Definition of factionalize in English:


intransitive verb

(also British factionalise)
[no object]
  • (especially of a political party or other organized group) split or divide into factions.

    ‘there was a tendency for students to factionalize’
    • ‘But it can also be argued, as Radosh does not, that the guerrillas were simply too factionalized and ideologically divided to animate a mass movement.’
    • ‘Would they factionalise and segment, or unify?’
    • ‘The remaining true humans had by this time colonized a different planet, named it ‘New Earth,’ and quickly factionalized along the old nationalistic lines that had caused so much war in the first place.’
    • ‘The Eihei temple, factionalized and concerned with maintaining the purity of its tradition, languished for a time, while the faction that went with Gikai out of the temple flourished.’
    • ‘Yet, when we factionalize, we become distracted by our own machinations, and we forget that no one group of women is more valid or significant than another.’
    • ‘These differences created centrifugal pressures toward internecine conflict that factionalized the movement into disparate groups.’
    • ‘This leaves ample room for centrifugal ideological differences that tend to factionalize movements’
    • ‘‘It is possible to make heavily researched history readable without fictionalising or factionalising the facts by using the story-teller's narrative technique,’ he insists.’
    • ‘However, the rebels are deeply factionalised and only a small portion are believed to follow his direction.’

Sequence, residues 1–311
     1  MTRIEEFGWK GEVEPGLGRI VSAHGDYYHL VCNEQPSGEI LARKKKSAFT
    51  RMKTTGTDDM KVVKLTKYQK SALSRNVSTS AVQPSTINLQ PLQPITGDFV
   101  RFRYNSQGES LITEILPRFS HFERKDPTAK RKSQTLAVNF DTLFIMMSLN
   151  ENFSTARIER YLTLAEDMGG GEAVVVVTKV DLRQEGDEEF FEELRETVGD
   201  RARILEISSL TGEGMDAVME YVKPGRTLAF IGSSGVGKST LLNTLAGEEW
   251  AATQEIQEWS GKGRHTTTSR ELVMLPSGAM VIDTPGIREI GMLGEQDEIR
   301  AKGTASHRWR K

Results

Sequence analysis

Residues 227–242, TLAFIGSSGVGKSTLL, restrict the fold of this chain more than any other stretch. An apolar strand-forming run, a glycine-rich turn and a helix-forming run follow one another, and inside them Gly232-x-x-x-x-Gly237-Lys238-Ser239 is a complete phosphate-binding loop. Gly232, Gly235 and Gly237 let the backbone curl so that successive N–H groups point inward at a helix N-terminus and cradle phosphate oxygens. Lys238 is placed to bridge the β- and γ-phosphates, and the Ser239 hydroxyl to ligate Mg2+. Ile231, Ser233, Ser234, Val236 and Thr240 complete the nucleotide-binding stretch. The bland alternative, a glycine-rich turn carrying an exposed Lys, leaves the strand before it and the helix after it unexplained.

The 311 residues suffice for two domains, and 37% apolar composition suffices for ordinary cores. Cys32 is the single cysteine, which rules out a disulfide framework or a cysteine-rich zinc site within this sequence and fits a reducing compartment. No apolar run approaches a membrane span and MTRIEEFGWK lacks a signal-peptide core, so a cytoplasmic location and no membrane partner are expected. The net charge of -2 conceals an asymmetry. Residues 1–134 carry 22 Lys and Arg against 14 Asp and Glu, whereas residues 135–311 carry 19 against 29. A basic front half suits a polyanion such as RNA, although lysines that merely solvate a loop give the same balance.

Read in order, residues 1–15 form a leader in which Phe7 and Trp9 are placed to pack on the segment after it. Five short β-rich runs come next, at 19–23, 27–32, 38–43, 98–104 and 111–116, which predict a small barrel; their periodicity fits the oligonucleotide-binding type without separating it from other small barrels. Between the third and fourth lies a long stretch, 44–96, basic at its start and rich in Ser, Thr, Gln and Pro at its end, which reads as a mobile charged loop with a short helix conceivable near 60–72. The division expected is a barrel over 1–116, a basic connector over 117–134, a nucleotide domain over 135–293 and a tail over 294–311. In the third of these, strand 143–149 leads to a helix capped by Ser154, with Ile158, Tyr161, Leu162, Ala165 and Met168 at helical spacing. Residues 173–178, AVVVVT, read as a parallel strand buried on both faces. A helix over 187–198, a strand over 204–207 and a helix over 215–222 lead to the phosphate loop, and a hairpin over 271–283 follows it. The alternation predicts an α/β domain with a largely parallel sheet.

• ‘We are factionalized, and we worship different gods.’
    • ‘The present army and police force, which are highly factionalised, are in no position to challenge regional warlords.’
    • ‘Another important reason why so many of them are currently disengaged from the struggle for social change relates to frustration over the factionalised political system which is premised upon patron-client relations.’
    • ‘The hostile consensus on him has, for the moment, given his factionalised party a veneer of unity under his leadership.’
    • ‘The national council which voted on the charges is a highly factionalised body, with the vote on his expulsion being along factional lines.’
    • ‘This is a warning shot for a very disorganised, factionalised left.’
    • ‘Breezers have skidded into one of the two-wheeled world's most factionalized debates: the argument between ‘vehicular’ and ‘facilities’ riders.’
    • ‘The book establishes the legitimacy of Agnes, not a legitimacy she already had but one she would need as a foreign-born empress in a factionalized court, many of whose members would remain loyal to the emperor's first daughter.’
    disunite, drive apart, break up, split up



/ˈfakSH(ə)nəˌlīz/ /ˈfækʃ(ə)nəˌlaɪz/